Burmese tea shops are the epitome of social life in Myanmar. You can find all types of people conversing over many snacks from nuts, to soups, to my favorite the rotti, and of course the famous sweet creamy Burmese tea. It is constantly alive and bustling with young children no older than 15 years old running around screaming orders for the customers needs. People will smile and greet you with their red betel stained teeth curious a lot of times where your from and what brings you to this part of the world. You immediately feel as if you are at home and welcome by all in these intimate street stalls.
Like coffee shops in the US they all have there specific setup such as low or high top seating and various types of cigarettes or cigars that they sell by the stick. Almost all are open air with some sort of roof be it tin or tarps to protect from rain and you can always find it crowded from 5am till close at 7pm or later. Families gather with there children for a mid afternoon snack and tea break from the hectic day of work and kids gather after school for a soda or glass of fresh milk. It is an oasis and pleasant break from a bustling city most of the time. A sanctuary of sorts to gather ones thoughts and get the days gossip from the neighborhood.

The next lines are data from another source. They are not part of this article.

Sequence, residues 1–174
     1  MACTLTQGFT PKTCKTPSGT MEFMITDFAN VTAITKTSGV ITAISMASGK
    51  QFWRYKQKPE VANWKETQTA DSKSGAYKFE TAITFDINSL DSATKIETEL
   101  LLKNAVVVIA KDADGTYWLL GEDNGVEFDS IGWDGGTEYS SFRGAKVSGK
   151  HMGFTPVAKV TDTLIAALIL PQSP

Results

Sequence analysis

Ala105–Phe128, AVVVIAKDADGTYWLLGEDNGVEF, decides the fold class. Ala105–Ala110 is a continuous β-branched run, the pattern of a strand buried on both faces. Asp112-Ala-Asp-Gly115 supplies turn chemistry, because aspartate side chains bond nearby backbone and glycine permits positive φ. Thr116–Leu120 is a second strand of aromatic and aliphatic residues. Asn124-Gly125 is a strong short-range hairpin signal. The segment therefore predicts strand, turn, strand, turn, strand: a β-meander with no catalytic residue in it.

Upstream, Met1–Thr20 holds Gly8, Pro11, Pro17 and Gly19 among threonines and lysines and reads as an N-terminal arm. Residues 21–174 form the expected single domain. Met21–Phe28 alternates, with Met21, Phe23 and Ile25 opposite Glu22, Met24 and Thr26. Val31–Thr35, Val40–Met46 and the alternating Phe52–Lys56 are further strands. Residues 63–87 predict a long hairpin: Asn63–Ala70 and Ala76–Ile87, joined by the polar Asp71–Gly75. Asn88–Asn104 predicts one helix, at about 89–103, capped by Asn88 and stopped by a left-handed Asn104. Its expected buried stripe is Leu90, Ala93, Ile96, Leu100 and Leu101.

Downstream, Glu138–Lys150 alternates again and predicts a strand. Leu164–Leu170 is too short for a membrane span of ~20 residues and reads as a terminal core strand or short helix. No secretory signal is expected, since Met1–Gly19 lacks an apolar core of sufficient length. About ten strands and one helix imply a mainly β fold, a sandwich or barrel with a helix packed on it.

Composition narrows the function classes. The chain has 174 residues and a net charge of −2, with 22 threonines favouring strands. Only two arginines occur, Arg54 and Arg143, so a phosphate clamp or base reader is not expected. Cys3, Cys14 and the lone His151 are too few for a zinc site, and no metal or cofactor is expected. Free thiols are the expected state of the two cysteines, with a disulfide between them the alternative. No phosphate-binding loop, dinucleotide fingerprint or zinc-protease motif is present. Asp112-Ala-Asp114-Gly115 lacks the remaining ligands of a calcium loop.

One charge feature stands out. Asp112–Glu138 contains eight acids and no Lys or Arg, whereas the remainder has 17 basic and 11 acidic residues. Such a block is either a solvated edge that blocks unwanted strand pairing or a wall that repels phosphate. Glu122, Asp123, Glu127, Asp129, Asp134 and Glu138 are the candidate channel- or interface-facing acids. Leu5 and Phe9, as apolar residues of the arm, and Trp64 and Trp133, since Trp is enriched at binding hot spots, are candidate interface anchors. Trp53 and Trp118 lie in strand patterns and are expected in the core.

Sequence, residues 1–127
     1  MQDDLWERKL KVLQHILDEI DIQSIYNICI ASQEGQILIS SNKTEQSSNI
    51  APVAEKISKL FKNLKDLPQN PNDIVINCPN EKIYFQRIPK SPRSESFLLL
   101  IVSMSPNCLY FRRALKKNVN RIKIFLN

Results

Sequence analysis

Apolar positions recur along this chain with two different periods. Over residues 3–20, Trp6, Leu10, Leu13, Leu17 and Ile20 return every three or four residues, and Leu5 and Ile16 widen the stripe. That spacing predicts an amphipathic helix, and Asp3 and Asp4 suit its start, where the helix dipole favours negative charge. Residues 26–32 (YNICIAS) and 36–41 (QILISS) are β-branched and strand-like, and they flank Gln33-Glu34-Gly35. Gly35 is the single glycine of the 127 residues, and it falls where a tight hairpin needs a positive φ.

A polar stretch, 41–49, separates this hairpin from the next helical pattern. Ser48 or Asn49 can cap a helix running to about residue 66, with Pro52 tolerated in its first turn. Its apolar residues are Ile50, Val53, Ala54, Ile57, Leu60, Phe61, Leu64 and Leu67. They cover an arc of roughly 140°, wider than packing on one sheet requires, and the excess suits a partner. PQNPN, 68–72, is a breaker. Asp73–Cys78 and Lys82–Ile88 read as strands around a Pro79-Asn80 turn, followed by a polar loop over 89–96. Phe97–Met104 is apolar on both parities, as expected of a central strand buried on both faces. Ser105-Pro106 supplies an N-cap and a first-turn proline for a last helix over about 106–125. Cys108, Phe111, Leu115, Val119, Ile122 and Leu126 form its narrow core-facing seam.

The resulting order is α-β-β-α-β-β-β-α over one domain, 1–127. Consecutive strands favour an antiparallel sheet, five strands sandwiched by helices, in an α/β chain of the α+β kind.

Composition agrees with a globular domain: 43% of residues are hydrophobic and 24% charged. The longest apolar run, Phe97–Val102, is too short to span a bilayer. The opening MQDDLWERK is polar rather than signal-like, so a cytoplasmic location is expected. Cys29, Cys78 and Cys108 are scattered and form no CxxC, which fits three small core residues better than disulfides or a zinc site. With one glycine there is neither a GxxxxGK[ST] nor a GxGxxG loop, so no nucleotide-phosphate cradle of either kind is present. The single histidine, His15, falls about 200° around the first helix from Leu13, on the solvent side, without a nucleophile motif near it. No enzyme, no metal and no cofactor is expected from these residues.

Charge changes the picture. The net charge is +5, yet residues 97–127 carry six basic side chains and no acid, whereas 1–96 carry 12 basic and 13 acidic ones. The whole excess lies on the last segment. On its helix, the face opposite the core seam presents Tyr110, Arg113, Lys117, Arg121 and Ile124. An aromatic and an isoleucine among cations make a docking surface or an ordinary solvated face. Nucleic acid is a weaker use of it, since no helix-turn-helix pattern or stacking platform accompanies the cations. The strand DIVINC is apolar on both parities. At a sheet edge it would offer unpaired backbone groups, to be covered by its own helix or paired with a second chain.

It is an intoxicating experience and really exposes you to the typical Myanmar even if it isn’t in direct communication. I can only imagine this ritual has been instilled for thousands of years in this culture. I picture peace talks and very important conversations on Burmese politics being made at these establishments realizing that no matter how different ones tribe or religion may be everybody slows down for a good cup of tea. The typical tea is always free and unlimited, but the sweet tea is my favorite made with special milk (condensed milk usually) and everybody has there favorite mix that the serving boys memorize overtime which leaves a sense of comfort.